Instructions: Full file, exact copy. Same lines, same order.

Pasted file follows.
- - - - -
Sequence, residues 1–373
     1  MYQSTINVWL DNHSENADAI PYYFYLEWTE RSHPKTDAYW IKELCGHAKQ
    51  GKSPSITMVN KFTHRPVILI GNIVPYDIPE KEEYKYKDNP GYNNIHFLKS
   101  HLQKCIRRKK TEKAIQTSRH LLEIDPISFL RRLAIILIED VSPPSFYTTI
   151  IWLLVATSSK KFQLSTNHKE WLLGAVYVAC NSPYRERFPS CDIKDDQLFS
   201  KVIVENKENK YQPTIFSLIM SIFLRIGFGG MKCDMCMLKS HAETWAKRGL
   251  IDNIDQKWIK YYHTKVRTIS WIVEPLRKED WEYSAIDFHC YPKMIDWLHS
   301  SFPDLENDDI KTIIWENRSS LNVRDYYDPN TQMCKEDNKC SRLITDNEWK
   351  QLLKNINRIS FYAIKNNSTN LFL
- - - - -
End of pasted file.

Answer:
Sequence, residues 1–373
     1  MYQSTINVWL DNHSENADAI PYYFYLEWTE RSHPKTDAYW IKELCGHAKQ
    51  GKSPSITMVN KFTHRPVILI GNIVPYDIPE KEEYKYKDNP GYNNIHFLKS
   101  HLQKCIRRKK TEKAIQTSRH LLEIDPISFL RRLAIILIED VSPPSFYTTI
   151  IWLLVATSSK KFQLSTNHKE WLLGAVYVAC NSPYRERFPS CDIKDDQLFS
   201  KVIVENKENK YQPTIFSLIM SIFLRIGFGG MKCDMCMLKS HAETWAKRGL
   251  IDNIDQKWIK YYHTKVRTIS WIVEPLRKED WEYSAIDFHC YPKMIDWLHS
   301  SFPDLENDDI KTIIWENRSS LNVRDYYDPN TQMCKEDNKC SRLITDNEWK
   351  QLLKNINRIS FYAIKNNSTN LFL